1983. On this record, we must conclude that the court acted properly in its consideration of the parties’ current financial condition, and that its findings were therefore correct.
Defendant argues that the court’s findings did not suffice to support its decision to make an unequal distribution. The Supreme[79 N.C.App. 235] Court held in White v. White, supra, that a party seeking an unequal division must produce evidence of one or more of the factors in G.S. 50-20(c). The trial court, in its discretion, assigns each factor the particular weight appropriate for that factor in the given case. 312 N.C. at 776-77, 324 S.E.2d at 832-33. As we read White, then, a finding that a single factor supported an unequal distribution, if supported by the evidence, would be within the court’s discretion and upheld on appeal. See State v. Baucom, 66 N.C.App. 298, 311 S.E.2d 73 (1984) (analogous result under similar provisions of Fair Sentencing Act). For example, a finding that one party suffered chronic disability arising during the marriage, while the other was young and healthy, might in an appropriate case support a discretionary distribution grossly in favor of the disabled party. See G.S. 50-20(c)(3).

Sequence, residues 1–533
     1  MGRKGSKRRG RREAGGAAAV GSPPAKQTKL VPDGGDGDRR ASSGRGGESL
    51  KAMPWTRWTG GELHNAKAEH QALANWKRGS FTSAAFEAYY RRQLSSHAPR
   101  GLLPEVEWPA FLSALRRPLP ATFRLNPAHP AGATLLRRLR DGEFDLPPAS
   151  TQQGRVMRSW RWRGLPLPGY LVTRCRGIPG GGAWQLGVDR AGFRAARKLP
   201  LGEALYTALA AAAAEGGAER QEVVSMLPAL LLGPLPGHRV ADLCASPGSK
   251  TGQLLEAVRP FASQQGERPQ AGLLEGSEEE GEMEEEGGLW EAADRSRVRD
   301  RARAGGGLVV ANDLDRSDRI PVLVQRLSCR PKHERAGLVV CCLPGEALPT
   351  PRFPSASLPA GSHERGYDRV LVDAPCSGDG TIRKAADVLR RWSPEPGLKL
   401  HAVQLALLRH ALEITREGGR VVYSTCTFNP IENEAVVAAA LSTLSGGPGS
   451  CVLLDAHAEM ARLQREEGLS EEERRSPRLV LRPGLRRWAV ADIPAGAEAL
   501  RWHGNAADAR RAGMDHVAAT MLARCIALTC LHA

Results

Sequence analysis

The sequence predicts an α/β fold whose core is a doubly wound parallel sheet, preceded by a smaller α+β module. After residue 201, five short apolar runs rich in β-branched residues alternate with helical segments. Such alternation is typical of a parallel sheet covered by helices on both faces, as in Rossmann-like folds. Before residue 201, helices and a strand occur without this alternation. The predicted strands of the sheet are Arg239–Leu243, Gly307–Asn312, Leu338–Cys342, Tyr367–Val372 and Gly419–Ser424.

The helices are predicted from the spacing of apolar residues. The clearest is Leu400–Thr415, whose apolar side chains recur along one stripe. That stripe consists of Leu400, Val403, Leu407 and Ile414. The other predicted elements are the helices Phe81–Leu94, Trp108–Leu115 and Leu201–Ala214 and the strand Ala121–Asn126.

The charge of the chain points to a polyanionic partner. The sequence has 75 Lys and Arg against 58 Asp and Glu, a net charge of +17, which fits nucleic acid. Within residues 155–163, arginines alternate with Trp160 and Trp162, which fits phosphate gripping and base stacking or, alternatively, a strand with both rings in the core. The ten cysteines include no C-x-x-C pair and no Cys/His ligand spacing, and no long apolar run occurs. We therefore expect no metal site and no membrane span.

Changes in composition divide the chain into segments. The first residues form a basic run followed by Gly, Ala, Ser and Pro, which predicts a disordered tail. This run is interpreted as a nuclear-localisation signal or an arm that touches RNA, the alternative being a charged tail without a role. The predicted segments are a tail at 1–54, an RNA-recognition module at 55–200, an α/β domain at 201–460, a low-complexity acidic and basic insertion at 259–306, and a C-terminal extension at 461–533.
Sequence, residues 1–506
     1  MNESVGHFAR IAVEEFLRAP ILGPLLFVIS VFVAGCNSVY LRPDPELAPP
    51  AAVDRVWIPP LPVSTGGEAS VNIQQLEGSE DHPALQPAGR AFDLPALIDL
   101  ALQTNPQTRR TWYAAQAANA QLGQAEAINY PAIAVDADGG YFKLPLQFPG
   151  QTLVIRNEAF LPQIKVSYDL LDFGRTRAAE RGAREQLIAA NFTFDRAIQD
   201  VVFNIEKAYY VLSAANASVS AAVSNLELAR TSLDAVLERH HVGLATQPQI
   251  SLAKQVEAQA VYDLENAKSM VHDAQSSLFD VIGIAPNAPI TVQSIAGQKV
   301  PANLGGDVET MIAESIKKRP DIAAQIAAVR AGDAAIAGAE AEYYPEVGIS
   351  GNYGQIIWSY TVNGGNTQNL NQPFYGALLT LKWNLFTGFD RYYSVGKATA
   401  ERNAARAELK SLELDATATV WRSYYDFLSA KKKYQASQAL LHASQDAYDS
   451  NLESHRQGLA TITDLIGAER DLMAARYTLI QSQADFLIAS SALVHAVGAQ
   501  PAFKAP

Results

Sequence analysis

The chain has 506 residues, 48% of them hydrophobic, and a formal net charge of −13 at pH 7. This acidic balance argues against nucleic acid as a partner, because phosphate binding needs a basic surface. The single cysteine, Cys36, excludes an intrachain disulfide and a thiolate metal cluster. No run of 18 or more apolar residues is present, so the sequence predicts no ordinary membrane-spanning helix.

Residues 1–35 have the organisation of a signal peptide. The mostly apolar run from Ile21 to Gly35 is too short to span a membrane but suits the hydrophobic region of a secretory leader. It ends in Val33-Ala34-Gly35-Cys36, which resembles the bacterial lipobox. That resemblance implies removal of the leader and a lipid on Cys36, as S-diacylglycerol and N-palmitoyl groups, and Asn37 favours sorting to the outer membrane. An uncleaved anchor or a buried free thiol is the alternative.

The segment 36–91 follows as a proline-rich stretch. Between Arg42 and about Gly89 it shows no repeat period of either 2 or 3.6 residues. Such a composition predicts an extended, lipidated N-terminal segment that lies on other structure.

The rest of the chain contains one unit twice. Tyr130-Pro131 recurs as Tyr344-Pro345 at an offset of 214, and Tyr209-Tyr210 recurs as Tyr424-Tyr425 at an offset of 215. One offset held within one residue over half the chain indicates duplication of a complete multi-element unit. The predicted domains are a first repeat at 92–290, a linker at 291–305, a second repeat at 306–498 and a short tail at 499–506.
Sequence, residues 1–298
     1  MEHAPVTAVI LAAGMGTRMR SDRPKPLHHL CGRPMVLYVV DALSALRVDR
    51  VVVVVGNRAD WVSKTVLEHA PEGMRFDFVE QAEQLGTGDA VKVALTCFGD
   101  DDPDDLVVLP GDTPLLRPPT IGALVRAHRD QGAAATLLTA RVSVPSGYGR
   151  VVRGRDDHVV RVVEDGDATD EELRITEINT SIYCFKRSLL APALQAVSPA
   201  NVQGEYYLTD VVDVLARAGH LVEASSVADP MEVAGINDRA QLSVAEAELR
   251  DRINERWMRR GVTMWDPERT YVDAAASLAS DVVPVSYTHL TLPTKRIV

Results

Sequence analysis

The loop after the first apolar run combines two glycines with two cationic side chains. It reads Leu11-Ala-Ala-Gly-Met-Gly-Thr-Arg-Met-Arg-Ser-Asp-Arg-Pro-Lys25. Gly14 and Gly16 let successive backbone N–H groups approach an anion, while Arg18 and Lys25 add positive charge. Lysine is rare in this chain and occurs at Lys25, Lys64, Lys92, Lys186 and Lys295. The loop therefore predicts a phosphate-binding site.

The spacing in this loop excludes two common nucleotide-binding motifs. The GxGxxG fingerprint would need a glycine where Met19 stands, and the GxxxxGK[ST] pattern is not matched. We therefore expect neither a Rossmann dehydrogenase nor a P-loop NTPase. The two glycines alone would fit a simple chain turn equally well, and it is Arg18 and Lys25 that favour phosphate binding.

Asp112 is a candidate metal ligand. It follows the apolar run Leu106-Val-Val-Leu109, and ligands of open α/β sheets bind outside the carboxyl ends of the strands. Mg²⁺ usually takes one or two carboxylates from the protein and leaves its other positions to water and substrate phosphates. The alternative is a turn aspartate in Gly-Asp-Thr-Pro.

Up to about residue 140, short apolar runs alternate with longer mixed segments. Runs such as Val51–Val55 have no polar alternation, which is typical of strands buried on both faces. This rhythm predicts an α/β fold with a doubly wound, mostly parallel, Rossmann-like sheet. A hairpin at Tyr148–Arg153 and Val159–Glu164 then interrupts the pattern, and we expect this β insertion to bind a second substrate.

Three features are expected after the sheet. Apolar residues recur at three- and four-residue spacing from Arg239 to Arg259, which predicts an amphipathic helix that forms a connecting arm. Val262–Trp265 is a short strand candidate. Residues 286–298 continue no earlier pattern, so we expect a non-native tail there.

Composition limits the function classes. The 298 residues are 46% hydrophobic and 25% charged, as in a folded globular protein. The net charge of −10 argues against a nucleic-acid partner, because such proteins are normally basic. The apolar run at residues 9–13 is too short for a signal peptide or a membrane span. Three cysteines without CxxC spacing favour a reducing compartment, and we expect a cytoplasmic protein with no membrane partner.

Here, the court found that an equal distribution would not be equitable, relying on the custody, household services, and difficulty of evaluation factors. Defendant did not except to the findings that these factors existed; accordingly, they are not reviewable here. App.R. 10(b)(2). See State v. Harrington, 78 N.C.App. 39, 336 S.E.2d 852 (1985) (once sufficient evidence of aggravating factor introduced, decision of fact finder to find factor not reviewable). These findings support the court’s discretionary decision to make an unequal distribution. White v. White, supra. This argument is also without merit, and these assignments are overruled.